I play Taboo in class sometimes. Taboo is a team-based clue-and-answer game with words. Basically, a person has to get his or her teammates to guess a word on a card by giving only verbal clues; no gestures are allowed. The kicker is that each card also contains a list of “taboo” words that the clue-giver may not say. If he or she does, the team loses points. If you care, read more here.

The game is usually loads of fun, and it’s often many of the students’ favorite part of the semester (or so the evaluations tell me), even though we play it only once or twice. I explain to them why I think it’s relevant: It encourages outside-the-box thinking about words and audience-specific reasoning. But I’m not sure the reasons for playing stick with the students (or if that’s important).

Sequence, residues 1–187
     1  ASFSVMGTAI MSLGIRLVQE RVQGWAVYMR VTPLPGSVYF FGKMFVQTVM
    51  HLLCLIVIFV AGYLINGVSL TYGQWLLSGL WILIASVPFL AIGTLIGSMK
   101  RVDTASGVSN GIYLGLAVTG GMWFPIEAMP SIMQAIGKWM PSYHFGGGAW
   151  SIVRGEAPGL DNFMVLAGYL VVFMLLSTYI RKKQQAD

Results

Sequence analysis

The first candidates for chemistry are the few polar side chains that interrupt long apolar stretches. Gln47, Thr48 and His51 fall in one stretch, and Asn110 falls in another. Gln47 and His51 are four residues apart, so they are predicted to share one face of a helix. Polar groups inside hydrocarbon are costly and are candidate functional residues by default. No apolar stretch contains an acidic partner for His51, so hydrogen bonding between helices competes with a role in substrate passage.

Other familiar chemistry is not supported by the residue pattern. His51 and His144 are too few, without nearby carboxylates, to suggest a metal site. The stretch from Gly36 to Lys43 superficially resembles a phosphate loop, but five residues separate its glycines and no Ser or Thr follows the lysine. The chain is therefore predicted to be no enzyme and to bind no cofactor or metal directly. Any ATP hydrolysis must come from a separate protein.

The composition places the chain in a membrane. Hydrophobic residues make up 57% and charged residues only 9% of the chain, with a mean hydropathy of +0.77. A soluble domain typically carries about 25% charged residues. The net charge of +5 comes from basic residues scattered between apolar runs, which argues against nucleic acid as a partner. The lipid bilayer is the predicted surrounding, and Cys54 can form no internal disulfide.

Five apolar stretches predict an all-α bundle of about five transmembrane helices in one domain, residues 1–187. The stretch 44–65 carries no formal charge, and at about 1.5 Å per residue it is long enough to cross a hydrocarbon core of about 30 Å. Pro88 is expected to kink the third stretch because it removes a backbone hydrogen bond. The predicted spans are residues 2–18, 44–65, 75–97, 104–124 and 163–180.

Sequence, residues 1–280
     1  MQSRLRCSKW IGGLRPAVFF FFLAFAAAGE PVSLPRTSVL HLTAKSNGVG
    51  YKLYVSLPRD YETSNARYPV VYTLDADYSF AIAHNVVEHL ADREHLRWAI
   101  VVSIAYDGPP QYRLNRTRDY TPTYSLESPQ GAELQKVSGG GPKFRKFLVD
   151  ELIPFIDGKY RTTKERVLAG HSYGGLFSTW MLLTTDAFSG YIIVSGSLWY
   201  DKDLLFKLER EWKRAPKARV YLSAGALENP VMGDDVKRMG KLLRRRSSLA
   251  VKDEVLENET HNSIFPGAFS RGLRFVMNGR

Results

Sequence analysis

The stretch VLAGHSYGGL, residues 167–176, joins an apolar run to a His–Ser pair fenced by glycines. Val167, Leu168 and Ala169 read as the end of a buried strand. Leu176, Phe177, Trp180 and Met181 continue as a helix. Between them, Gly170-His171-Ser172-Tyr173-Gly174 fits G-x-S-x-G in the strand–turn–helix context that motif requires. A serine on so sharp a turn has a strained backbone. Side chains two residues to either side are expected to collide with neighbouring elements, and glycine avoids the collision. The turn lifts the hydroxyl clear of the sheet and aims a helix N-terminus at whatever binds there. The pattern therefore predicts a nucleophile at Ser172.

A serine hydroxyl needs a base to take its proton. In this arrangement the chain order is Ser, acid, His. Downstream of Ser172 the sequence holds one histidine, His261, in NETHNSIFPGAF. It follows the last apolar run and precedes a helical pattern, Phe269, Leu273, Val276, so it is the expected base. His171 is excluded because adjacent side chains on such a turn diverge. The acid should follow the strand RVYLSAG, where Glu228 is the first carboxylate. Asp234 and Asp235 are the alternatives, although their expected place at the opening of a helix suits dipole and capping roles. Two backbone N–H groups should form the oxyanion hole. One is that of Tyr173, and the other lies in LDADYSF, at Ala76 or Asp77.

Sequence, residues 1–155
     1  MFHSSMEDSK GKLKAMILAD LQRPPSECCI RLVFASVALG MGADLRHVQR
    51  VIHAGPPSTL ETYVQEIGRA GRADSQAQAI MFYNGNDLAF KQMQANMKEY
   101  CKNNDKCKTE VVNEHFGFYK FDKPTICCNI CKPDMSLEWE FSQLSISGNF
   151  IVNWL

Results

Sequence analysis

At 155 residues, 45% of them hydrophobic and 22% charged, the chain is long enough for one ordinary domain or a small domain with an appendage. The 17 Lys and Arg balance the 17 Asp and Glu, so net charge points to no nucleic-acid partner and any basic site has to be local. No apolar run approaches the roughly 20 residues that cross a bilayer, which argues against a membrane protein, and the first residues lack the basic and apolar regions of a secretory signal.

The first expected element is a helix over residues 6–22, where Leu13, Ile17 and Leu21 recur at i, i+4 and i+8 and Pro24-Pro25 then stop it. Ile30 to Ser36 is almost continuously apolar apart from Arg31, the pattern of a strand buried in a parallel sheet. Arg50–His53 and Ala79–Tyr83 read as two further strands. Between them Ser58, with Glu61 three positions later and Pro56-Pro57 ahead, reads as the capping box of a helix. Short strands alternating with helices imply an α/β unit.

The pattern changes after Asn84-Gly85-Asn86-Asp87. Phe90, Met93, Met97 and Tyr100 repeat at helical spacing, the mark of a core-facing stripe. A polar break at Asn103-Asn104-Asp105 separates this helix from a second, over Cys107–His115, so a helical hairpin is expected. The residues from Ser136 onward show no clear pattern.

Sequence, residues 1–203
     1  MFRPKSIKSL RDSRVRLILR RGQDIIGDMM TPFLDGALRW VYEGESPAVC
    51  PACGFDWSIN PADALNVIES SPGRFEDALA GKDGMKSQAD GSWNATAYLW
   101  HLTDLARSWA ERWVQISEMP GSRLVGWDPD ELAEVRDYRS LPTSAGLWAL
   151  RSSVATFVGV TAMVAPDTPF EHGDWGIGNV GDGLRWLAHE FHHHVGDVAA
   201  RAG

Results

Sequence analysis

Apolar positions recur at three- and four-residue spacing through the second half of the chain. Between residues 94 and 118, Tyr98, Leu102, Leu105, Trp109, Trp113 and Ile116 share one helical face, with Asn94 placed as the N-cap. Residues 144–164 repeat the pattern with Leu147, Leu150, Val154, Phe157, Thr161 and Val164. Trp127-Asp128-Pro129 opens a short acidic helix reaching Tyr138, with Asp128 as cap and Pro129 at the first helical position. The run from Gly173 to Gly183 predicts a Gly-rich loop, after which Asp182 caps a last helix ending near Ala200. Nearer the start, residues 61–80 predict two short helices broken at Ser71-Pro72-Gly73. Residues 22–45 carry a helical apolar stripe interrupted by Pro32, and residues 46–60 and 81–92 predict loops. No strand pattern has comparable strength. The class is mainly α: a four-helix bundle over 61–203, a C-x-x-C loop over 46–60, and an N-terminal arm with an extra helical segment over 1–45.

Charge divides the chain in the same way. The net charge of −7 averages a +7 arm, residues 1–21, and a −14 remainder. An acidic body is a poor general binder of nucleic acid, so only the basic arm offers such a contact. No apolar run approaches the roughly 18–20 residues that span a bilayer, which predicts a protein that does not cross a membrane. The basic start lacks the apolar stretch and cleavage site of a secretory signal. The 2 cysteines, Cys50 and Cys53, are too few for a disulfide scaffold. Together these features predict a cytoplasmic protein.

Although most students say Taboo is one of their favorite parts, a few say they don’t understand why they have to come to a college classroom to play a silly game; it seems to be one extreme or the other. Even some of my colleagues have asked how a game can be relevant to a writing-centric and reading-centric class.

I think Taboo is a valuable and engaging way to build the brain muscles I want to help students strengthen, so I’ll keep playing it in class. Do you have any class activities that may be relevant in an indirect or subtle way?

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